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New Archer Midnight eVTOL Air Taxi Promises Quick Trips to the Airport

Rejected submission by Anonymous Coward at 2022-11-19 19:07:07
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Traffic snarls in some cities can make the trip to or from the airport longer than your flight, but Archer Aviation aims to change that by adding an additional flight. The company's newly revealed Midnight sky taxi is 100 percent electric and capable of ferrying up to four passengers and a minimal amount of baggage from urban centers to airports, and you could book a flight as soon as 2025.

Archer previously showed off a smaller version of Midnight called Maker. The two-seat Maker shares numerous features with Midnight, including the 12-rotor design and eVTOL (electronic vertical takeoff and landing) design. The company has conducted more than 1,000 test flights since announcing Maker in late 2021, but this vehicle was mainly a technology demonstrator. Now, it plans to begin testing Midnight in advance of a commercial debut.

Midnight is a little larger than Maker, with a wingspan of 47 feet to Maker's 40 feet. It weighs 6,500 pounds and has a total payload capacity of 1,000 pounds. The Federal Aviation Administration (FAA) weight and carry-on allowances for passengers are low, just 200 pounds for men and 179 pounds for women. So, there's not much wiggle room in flights with all four passenger seats filled.

Like the Maker, Midnight sports six rotors per wing. The three on the trailing edge are stationary, providing lift throughout the flight. The front rotors begin vertical to assist with takeoff, and then rotate to face forward and propel the craft forward. When landing, the front rotors transition back to vertical mode. Archer says Midnight has been designed to conduct back-to-back 20-mile flights with a 10-minute recharge in between. It has a maximum range of 50 miles and a top speed of 150 miles per hour.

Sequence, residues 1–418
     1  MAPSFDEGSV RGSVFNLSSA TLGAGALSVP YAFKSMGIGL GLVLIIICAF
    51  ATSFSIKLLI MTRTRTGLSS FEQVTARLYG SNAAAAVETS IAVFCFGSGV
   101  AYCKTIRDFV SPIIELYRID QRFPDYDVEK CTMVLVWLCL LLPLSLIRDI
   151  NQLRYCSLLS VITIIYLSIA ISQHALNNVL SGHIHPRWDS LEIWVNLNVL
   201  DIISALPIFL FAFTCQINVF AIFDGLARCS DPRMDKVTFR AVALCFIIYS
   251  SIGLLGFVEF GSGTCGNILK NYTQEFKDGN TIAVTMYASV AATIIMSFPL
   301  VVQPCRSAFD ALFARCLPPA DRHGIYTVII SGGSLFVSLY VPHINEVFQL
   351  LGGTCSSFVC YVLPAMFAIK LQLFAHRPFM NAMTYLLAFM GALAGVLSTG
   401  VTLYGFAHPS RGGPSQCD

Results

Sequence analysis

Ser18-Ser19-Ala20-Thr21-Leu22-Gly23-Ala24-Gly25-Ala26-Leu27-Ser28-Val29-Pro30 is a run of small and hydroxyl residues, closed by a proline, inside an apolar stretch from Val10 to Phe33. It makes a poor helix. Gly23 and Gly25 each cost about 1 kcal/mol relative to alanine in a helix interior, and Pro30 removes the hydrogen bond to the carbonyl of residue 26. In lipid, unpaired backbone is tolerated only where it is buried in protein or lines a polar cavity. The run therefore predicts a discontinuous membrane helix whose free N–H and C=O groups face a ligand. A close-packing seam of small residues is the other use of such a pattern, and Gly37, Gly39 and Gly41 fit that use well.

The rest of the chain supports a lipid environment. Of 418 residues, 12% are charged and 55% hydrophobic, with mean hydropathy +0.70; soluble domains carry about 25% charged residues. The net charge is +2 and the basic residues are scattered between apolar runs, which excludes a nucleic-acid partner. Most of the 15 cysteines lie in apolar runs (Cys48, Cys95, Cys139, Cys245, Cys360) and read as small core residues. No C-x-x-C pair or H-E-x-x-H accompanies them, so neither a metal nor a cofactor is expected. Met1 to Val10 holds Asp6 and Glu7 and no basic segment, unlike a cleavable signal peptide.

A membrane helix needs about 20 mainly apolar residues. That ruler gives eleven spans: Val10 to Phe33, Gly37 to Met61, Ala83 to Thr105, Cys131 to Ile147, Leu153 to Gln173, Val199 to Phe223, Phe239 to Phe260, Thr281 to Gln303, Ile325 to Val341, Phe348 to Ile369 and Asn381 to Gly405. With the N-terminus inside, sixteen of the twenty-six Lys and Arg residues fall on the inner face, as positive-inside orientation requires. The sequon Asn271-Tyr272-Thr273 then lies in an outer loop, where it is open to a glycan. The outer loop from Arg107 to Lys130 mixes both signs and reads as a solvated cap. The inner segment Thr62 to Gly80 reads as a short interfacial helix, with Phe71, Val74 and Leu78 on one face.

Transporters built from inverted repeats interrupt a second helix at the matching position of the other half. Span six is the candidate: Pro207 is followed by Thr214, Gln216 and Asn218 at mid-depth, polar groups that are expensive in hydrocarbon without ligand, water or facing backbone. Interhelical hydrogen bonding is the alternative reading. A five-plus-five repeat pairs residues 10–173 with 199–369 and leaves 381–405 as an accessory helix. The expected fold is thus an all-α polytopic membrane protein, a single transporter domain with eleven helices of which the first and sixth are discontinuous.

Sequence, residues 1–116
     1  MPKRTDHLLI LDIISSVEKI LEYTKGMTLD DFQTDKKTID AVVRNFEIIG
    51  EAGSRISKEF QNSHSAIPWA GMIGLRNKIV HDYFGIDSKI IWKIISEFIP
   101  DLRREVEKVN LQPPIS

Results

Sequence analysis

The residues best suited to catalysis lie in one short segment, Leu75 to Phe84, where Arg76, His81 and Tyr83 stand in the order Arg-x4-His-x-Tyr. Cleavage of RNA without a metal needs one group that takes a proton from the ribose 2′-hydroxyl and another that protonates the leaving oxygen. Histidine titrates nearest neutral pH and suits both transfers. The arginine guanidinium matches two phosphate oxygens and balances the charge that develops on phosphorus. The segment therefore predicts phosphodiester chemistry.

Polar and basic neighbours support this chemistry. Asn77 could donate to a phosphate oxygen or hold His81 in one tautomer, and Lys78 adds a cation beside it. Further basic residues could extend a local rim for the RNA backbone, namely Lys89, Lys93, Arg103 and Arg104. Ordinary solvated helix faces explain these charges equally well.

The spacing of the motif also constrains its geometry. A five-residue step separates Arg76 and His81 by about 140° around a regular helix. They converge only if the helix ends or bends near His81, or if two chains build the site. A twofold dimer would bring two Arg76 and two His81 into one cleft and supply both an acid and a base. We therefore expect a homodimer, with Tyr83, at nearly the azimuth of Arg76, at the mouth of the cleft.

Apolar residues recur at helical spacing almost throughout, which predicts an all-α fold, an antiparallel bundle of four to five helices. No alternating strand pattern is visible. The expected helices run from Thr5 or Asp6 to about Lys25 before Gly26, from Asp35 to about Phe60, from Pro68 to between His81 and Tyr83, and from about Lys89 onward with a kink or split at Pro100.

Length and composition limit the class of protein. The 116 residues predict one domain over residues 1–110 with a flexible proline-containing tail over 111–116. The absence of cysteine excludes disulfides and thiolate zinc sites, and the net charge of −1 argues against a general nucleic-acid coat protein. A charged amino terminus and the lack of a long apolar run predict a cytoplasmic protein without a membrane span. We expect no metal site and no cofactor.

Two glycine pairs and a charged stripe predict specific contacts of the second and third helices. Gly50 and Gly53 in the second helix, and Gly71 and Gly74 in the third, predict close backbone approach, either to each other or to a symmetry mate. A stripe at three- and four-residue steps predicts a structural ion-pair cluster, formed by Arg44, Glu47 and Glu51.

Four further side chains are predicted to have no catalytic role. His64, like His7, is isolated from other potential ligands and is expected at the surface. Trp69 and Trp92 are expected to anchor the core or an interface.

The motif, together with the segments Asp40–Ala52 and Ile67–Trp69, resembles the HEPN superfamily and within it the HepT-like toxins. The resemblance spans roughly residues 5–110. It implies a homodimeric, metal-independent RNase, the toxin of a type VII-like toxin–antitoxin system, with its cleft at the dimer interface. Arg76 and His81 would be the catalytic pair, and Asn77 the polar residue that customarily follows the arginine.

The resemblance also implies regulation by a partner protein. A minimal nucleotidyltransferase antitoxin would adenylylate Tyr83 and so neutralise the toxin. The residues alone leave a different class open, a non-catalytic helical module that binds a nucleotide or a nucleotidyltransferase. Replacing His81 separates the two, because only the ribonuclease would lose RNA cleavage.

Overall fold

The company's full-scale eVTOL will have a cruising altitude of about 2,000 feet, and it claims noise levels on the ground will be just 45 dBA, which is much quieter than current helicopters. Archer also says that the electric motors in Midnight are safer and easier to maintain than turbine or piston engines used in current airplanes and helicopters.

Archer has yet to flight test Midnight, but that could begin as early as next year following a critical design review, reports Future Flight. It will need certification from the FAA before it can begin carrying passengers, but the company believes that could happen as soon as 2024. It hopes to launch its first commercial services in 2025. United Airlines has already made a $10 million down payment on 100 Midnight aircraft, which could help it run its promised Manhattan sky taxi service.

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